Exchange Information Disclosure Actby Representative Sander M. Levin
Posted on 2014-01-16
LEVIN. I yield myself such time as I may consume.
Mr. Speaker, I think informed people are asking why are we taking up this bill this morning. I guess one reason is the Republicans will do anything they can to undermine ACA. Indeed, the more it is successful, the more desperate they become.
The administration says it quite clearly: To implement this new reporting system, contracts may need to be modified and new staff would need to be hired on an expedited basis, adding millions of dollars in costs to States and the Federal Government, without additional funding from the Congress, for information that is already largely being provided on a monthly basis, consistent with other publicly funded health care programs.
Maybe a second reason we are taking up this bill is because the Republicans in this House think there is nothing else to do. This bill is going nowhere in the Senate, and you know that. You know that. But there is something else that we should be doing.
We are leaving here for 11 days. The House Republicans have said we are not going to be in session next week. 1.5 million Americans have lost their unemployment insurance because of inaction from this House of Representatives. Next week, 72,000 more will be added to the 1.5 million people, 50,000 in the State from which Mr. Camp and I come, 50,000 left out in the cold--left out in the cold--left, really, to their own devices, without a single bit of assistance that they really worked for. These are people out of work through no fault of their own, looking for work, and essentially they get, from this institution, action this morning on a bill going nowhere when there is somewhere we should be going.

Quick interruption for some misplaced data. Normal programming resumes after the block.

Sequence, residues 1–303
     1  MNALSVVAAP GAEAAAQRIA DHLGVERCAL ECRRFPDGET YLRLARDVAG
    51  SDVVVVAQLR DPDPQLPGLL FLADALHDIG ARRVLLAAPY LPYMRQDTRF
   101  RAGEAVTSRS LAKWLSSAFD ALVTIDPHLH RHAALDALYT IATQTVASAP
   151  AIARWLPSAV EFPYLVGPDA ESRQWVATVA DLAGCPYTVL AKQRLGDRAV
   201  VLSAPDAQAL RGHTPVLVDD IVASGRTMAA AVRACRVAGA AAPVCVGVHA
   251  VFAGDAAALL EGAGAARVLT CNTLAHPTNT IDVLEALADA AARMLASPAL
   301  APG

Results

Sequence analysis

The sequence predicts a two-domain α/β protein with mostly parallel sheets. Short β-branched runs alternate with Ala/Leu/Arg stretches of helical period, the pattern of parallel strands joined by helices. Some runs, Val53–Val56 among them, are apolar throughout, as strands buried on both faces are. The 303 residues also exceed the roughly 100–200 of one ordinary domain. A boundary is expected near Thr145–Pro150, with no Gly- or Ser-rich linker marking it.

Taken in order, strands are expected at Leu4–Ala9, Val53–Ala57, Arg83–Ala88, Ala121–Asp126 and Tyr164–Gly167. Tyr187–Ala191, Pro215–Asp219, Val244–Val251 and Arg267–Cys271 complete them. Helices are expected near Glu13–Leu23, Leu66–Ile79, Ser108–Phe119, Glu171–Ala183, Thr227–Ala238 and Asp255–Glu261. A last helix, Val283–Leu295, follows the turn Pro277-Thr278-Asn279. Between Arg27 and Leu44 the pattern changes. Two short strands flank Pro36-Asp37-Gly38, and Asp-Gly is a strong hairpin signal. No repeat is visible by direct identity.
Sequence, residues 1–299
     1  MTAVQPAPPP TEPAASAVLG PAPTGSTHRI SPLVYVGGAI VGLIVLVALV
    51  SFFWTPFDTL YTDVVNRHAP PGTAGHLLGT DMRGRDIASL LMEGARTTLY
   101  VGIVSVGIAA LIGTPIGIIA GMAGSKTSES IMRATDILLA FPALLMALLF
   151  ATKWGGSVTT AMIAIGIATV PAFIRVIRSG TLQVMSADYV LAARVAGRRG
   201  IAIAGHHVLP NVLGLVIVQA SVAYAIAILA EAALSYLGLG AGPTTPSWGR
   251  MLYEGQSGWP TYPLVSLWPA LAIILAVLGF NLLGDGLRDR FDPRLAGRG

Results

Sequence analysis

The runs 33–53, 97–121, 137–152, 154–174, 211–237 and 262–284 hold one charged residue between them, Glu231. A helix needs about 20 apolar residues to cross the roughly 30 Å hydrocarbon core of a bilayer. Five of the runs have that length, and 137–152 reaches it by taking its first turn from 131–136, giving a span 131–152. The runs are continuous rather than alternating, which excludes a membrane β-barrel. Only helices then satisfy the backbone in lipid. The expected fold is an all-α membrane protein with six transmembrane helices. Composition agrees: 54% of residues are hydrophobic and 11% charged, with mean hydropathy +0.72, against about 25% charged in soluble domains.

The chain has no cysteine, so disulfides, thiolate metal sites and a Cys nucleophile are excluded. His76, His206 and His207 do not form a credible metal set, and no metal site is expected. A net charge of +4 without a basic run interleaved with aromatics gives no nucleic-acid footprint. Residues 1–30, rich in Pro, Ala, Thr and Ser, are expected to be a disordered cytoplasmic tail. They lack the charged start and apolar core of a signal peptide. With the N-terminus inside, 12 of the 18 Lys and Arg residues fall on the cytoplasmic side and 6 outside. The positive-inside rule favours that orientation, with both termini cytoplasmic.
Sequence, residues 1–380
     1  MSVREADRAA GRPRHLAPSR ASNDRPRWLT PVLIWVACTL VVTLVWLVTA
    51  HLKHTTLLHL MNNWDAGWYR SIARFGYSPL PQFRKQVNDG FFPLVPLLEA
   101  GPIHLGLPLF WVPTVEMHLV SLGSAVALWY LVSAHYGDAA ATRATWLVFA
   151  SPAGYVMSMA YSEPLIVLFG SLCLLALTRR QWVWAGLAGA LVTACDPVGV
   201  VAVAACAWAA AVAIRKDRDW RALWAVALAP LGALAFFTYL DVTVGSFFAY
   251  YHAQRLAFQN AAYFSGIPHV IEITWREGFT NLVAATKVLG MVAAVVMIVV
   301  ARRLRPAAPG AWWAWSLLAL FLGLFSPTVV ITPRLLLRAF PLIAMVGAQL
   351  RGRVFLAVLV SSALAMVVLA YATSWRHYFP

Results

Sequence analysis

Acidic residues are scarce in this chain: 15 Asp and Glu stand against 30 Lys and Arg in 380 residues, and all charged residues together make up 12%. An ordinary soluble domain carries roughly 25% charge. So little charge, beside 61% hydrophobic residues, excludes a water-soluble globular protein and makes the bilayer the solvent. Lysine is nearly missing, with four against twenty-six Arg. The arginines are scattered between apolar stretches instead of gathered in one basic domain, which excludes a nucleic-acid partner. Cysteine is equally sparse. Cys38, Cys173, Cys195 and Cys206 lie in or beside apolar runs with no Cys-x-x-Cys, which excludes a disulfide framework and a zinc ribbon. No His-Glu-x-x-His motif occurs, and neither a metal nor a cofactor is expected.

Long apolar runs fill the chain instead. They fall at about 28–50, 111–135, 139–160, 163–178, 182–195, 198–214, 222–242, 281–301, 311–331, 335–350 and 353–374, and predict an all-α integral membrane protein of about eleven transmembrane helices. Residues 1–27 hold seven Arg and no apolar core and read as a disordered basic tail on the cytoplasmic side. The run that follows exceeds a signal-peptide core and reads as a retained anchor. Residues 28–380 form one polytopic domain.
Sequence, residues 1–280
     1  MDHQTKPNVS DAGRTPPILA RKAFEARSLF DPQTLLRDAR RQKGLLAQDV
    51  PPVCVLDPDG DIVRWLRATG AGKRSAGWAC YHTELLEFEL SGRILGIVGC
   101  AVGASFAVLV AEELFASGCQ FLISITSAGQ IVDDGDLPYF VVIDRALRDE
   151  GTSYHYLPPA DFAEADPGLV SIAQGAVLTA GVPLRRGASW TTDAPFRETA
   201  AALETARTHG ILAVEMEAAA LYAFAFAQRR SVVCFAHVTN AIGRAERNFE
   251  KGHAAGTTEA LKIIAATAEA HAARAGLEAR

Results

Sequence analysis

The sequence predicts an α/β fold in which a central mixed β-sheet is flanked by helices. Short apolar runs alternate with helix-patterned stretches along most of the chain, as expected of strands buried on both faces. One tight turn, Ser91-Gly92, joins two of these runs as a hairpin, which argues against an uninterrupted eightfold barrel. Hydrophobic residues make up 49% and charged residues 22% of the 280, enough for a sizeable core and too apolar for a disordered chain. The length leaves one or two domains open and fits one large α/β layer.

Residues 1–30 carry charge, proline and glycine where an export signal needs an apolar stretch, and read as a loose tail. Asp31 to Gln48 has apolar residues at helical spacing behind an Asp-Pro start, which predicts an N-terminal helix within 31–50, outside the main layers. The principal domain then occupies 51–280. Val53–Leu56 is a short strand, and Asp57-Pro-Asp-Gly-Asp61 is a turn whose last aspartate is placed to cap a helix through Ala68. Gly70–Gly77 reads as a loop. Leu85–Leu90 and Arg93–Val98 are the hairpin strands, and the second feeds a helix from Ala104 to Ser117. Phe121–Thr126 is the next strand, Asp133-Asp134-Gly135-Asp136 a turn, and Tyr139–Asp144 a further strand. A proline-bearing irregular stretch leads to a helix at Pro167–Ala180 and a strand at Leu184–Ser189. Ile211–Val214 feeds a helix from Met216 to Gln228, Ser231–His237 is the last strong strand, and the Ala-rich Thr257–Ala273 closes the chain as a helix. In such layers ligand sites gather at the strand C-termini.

I think this morning represents maybe more vividly than in recent times a reprehensible distortion of priorities of the majority in this House. There are 50,000 people in Michigan looking for work at a time when there remains a historically high percentage of the unemployed who are long-term unemployed. There are three people looking for work for every job that is available. And we come forth here with a bill that is going nowhere? Reprehensible. Inexcusable. You can go home.
I suggest you go home and talk--I guess you haven't done this yet--to the long-term unemployed. Every single person who votes for this bill should go home and talk to those out of work and out of luck, because the majority in this institution, in this House, are simply out of synch with the needs of the American people.
We shouldn't vote ``no'' on this bill, because we need the opportunity to vote ``yes'' on what really matters.
[[Page H1225]] I reserve the balance of my time.
The SPEAKER PRO TEMPORE. Members are reminded to address their remarks to the Chair and not to others in the second person.
Mr. CAMP. I thank the Chair for that admonition, and I yield 3 minutes to the gentleman from Indiana (Mr. Young), the distinguished member of the Ways and Means Committee.